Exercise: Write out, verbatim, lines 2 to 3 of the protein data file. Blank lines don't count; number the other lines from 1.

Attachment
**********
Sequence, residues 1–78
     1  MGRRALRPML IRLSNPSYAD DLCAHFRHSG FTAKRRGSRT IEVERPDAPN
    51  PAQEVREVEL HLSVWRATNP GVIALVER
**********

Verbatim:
     1  MGRRALRPML IRLSNPSYAD DLCAHFRHSG FTAKRRGSRT IEVERPDAPN
    51  PAQEVREVEL HLSVWRATNP GVIALVER